It is almost the nature of dreams, especially about priesthood, to see us as ministers of the sacraments and indeed that is an essential part of the job description of today’s priest. But that you can accomplish in several waking hours, what are you going to do in the remaining time – wait for the phone to ring or the doorbell to sound? Pope Francis calls us to dream of using more of our time as good shepherds in a different way – as ministers of God’s mercy, taking the initiative to seek out the lost, recapture and reclaim the disenchanted and disenfranchised, to get dirty in the hubris of daily living by giving special attention to the poor, to the lonely, to the forgotten, to the angry,

If something should rightly disturb us and trouble our consciences, it is the fact that so many of our brothers and sisters are living without the strength, might and consolation born of friendship with Jesus Christ, without a community of faith to support them; without meaning and a goal in life.

            More than a fear of going stray, my hope is that we will be moved by the fear of remaining shut up within the strictures which give us a false sense of security, within rules which make us harsh judges, within habits which make us feel safe, while at our door people are starving and Jesus does not tire of saying to us, “Give them something to eat.” [Francis, JG]

Dear Felipe, Alex, Brad, Jon and Kevin, I wish I were younger and could join with you and my brother priests who may live the dream of a new form of priesthood born of the vision and the conscience of Pope Francis. It is far more challenging and exciting than anything I have experienced to date in my life and even somewhat scary. But it is more faithful to the image of Christ the Good Shepherd whom I was to become at my priestly ordination than the “dream I dreamed in times gone by” [Le Miserable]. It is the Good Shepherd who loved us to death, the alter Christus who in a few moments you are to become and I once became.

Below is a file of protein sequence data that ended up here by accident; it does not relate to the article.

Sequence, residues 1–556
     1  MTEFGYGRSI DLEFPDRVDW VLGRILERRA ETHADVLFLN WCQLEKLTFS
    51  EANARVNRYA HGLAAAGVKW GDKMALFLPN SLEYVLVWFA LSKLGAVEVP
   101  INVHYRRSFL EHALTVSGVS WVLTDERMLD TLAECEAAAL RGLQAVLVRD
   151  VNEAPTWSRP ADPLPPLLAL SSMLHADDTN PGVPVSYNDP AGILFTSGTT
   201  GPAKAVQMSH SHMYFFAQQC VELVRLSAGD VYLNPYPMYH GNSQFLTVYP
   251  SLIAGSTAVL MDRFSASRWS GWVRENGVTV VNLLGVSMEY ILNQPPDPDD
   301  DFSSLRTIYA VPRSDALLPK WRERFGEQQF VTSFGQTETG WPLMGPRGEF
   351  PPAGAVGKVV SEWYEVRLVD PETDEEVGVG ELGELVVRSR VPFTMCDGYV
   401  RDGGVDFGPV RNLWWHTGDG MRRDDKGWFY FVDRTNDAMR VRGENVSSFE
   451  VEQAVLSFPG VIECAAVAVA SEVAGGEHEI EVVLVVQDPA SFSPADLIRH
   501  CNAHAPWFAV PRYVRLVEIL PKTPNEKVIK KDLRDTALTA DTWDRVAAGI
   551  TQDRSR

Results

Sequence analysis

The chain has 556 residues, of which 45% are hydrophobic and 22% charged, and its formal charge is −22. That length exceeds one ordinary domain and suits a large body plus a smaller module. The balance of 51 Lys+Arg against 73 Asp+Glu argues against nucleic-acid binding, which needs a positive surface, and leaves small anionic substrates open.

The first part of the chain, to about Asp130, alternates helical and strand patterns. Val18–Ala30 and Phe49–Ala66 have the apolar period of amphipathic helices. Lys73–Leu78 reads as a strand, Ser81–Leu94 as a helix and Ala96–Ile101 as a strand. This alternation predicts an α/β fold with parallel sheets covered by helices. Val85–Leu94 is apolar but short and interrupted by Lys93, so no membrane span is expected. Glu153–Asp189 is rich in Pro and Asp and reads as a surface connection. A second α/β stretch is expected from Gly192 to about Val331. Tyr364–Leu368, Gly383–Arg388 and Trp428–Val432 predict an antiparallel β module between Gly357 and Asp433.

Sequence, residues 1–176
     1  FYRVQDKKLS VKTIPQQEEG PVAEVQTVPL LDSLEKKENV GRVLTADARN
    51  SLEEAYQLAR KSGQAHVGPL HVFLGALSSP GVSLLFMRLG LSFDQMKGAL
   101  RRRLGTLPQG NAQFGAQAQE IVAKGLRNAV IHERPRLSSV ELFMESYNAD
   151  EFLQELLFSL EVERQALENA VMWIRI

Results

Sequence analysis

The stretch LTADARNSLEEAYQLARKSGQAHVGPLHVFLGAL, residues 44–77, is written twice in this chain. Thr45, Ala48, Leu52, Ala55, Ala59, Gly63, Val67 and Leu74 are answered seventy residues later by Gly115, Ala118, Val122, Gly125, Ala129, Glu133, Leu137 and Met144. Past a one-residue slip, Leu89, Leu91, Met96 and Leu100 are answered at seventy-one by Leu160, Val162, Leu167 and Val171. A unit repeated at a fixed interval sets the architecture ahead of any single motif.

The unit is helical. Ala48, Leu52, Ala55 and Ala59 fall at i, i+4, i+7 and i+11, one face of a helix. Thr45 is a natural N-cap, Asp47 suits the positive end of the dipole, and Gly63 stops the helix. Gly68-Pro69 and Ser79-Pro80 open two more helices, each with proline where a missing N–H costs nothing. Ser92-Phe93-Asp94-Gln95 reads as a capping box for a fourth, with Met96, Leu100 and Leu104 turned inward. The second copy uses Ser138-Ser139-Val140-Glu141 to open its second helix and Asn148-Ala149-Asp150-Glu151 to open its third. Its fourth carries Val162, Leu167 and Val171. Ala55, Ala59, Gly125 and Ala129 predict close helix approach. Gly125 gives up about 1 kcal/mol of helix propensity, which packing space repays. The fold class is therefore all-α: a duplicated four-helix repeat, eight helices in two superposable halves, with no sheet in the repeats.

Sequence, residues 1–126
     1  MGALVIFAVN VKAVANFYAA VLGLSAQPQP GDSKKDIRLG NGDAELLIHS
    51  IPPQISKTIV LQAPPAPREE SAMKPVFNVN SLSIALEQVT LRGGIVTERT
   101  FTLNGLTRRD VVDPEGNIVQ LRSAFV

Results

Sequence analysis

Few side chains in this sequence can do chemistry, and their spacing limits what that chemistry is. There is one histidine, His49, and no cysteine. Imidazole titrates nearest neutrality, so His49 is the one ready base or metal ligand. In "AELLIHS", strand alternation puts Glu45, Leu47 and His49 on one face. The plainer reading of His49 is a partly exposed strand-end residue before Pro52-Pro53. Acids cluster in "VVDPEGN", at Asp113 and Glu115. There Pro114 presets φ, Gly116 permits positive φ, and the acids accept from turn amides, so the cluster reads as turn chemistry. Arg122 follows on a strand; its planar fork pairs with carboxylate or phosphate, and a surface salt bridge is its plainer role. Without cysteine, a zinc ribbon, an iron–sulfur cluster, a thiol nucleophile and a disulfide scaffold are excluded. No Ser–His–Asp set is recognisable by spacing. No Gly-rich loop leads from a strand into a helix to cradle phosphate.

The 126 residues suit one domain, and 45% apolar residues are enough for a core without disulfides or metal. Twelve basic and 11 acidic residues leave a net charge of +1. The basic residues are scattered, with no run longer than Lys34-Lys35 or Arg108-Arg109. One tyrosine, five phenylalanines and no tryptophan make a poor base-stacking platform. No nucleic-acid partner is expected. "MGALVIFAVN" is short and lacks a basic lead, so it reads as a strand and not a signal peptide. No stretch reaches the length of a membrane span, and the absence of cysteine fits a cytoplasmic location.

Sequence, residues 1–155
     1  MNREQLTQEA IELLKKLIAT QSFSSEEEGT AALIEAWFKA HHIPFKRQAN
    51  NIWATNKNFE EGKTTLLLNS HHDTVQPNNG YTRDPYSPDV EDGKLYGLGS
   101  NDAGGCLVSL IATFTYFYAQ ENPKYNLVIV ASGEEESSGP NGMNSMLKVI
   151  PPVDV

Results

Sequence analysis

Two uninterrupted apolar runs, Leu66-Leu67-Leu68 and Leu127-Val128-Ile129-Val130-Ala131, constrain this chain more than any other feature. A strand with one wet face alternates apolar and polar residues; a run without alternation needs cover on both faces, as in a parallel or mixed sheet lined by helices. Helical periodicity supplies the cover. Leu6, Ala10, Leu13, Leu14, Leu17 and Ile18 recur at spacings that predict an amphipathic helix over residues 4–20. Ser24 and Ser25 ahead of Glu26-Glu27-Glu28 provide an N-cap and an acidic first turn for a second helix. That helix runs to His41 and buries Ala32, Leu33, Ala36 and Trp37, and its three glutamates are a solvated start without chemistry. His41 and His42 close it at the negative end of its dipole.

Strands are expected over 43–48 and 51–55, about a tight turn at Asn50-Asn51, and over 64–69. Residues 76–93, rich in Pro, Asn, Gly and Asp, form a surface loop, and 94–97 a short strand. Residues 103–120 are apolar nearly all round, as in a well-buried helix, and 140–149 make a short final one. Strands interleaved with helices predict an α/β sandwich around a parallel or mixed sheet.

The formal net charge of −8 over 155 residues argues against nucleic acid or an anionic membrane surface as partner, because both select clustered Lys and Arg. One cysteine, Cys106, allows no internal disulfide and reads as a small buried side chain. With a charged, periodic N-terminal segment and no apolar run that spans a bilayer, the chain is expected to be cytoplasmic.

Today this Church is filled with love and great expectations. Your soon to be brother priests are renewed that in these times and with these challenges, you have already said “yes” to the call of Jesus, “follow me.” Together with me, they welcome you as brothers. God’s people whom you will serve will honor you as “father”. May Jesus welcome you many years from now as “faithful servant.”



Monday, May 16th, 2016

I am still on the airplane flight coming back from Minneapolis-St. Paul (see preceding blog entry) and there is yet a second topic which I would like to share with my readers. Several topics came together recently so I am “lumping” them together even though each could be treated separately and on their own.

The national Catholic media noted the passing of a “lioness in winter”, Sister Margaret Brennan, IHM. Her influence on post-Vatican Council II religious life was profound and her leadership of her community was quite simply extraordinary. I found myself the beneficiary of Sister Margaret’s vision and leadership in the Church and thought you might be interested in how that came to pass.

Shortly after the Council, Sister Margaret Brennan who was superior of the Immaculate Heart of Mary Sisters of Monroe, Michigan knew that renewal and reform of religious life was going to happen and likely to usher in significant change. She also knew that many of her sisters while educated well enough to teach in elementary and secondary schools, could contribute far more to a post-conciliar church if they were even better educated so she started sending sisters off to obtain terminal degrees in theology, economics, education, etc.